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North Little Rock elementary schools to offer free meals for all

Program won’t cost district more, board told

All pre-kindergarten through fifth-grade pupils in the North Little Rock School District will be able to eat school meals -- breakfast and lunch -- at no charge starting with the coming 2017-18 school year.

The district's School Board voted 6-0 Thursday to make use of the Community Eligibility Provision of the federal Healthy Hunger-Free Kids Act of 2010 to provide the free meals. The provision allows schools or school districts that enroll high percentages of low-income students to feed all students at no cost to the families and without requiring the families to fill out applications or any other paperwork to qualify for the meals.

North Little Rock School District is among a growing number of districts nationally and in the state to make use of the provision, said Marsha Satterfield, the district's director of child nutrition.

The Jacksonville/North Pulaski School District, for example, is providing meals at no charge to students in this current school year. The Stuttgart and Jonesboro school districts are other systems in the state providing free meals to all students.

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Seven of 10 North Little Rock elementary schools, including Pike View Pre-kindergarten Center, meet the 62.5 percent low-income threshold for the free meals. Three schools do not, but the universal free meals are possible if all schools are grouped or are "bundled together," Satterfield said. The individual school percentages range from 14.5 percent to 83 percent.

Because of that "bundling," the district won't be reimbursed 100 percent for all of the meals, but it can offset the shortfall -- 19 cents for each breakfast and 33 cents for each lunch -- by increasing the total number of pupils eating at school, Satterfield said.

"We can make this work," Satterfield said. "It will work and it will benefit our children because we know every child needs proper nutrition. It is vital for them physically and academically. We want these kids to eat breakfast and lunch with us."

Satterfield said she has met with parents at some of the district's schools to encourage them to allow their children to eat the school meals even though their children have not qualified for free or reduced-price lunches or breakfasts under the district's current system of subsidizing school meal costs.

"I said, 'Put your kids in the car. Wash their faces, brush their teeth, put their clothes on, put them in the car and let us do the rest. Let us feed them and let us make that breakfast part of their academic day,'" she said, adding that children are typically not hungry immediately after getting up in the morning.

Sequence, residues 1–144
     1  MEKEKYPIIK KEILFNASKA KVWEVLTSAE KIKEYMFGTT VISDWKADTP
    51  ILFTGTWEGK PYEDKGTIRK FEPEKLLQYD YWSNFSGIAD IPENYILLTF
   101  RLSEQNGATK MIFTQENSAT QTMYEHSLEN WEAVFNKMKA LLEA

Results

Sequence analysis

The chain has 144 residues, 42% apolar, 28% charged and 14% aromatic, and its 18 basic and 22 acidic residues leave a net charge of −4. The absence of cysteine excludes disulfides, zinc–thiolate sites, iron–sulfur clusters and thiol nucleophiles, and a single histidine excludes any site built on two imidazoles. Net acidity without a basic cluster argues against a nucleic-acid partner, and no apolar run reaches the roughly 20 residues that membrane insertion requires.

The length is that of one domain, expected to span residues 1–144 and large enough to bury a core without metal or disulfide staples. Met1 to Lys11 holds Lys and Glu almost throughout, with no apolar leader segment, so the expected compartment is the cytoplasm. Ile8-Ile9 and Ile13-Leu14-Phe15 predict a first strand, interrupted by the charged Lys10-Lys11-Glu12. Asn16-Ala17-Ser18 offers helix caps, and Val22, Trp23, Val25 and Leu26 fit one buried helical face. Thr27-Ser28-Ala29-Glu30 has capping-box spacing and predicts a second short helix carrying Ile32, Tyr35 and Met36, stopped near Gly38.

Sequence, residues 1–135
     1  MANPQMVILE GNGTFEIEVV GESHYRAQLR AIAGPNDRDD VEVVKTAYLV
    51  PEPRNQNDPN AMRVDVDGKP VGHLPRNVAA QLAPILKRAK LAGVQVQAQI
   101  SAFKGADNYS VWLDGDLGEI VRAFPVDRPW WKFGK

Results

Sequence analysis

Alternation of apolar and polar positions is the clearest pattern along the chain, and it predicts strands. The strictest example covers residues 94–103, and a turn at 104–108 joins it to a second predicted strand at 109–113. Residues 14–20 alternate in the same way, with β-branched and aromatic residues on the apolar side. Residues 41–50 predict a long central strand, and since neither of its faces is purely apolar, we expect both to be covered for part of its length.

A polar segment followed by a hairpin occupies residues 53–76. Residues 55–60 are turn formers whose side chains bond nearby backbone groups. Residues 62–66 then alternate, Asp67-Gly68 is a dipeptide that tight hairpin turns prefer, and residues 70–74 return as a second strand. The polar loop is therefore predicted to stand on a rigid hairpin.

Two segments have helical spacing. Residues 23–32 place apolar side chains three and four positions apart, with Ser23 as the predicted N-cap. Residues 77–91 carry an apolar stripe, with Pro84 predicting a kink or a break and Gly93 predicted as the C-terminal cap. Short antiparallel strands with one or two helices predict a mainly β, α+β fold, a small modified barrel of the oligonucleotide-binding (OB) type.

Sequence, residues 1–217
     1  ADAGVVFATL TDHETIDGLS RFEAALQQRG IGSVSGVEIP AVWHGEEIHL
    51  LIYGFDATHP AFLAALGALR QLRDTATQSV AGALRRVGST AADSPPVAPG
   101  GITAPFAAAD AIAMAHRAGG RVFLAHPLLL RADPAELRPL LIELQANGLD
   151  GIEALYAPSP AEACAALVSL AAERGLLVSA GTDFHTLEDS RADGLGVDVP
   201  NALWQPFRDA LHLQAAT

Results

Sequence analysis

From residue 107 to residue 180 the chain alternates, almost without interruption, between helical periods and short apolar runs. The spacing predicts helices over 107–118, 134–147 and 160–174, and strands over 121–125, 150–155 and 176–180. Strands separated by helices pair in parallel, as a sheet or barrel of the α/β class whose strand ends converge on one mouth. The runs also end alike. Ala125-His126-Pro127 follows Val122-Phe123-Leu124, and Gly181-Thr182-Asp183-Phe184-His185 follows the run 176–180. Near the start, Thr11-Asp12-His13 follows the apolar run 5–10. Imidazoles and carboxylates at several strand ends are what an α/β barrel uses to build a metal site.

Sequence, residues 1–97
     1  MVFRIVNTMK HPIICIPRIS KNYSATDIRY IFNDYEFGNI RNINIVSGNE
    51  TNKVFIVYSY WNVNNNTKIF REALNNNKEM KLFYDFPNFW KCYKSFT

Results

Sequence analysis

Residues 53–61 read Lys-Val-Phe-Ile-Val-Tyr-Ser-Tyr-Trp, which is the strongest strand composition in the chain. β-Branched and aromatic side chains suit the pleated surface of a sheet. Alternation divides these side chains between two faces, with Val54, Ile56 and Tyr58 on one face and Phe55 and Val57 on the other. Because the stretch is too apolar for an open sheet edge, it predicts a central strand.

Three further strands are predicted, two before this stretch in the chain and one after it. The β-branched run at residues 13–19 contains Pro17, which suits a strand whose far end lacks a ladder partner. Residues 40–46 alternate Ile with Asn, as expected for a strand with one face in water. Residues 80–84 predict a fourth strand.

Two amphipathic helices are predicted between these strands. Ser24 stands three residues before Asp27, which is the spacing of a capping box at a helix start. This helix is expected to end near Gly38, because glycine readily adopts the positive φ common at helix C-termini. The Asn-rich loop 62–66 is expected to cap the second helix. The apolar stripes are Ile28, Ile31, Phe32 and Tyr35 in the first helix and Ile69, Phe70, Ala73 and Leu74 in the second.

That creates a struggle for parents to get their children to eat before going to school.

"We'll take that burden off parents. We can save them time and money, and academically prepare these kids for the day," she said.

In response to questions from School Board members, Satterfield said that pupils can continue to carry their lunches from home, but if they also will eat three of the five items being served by the school -- such as a roll, a vegetable and milk -- the district can be reimbursed by the U.S. Department of Agriculture for that as a full meal.

"We don't expect kids to eat lunch every single day. We know they won't. We know what the kids want -- nuggets, pizza and powdered doughnuts," she said, adding that the doughnuts are made with whole grains.

The universal free-meal program at the elementary schools will not create any new expense for the district, which is in the midst of a multiyear effort to cut operating costs to offset the end of $7.6 million a year in state desegregation aid to the district.

However, it would cost the district $62,000 a month to include North Little Rock Middle School and North Little Rock High School in the free-meals program. Satterfield said that cost is not affordable for the district.

Micheal Stone, the district's executive director of student and equity services, said district leaders plan to provide what is called a "second chance breakfast" to some of the district's older students as a way to collect data on potential student participation in a universal school breakfast program.

'"If we can get the number up high enough, then we can include secondary schools in the Community Eligibility Provision, where all students are eating free in the North Little Rock School District," Stone said. "We want to explore that this next year."

School Board member Tracy Steele asked the district staff to provide at a later date a report on the feasibility of serving the elementary pupils breakfast in their classrooms, which is currently done at some schools in other districts.

Stone and Satterfield said the classroom breakfast program is structured differently from the Community Eligibility Provision program. It has different eligibility requirements and is more labor intensive than serving breakfasts in school cafeterias, they said.

Metro on 05/19/2017

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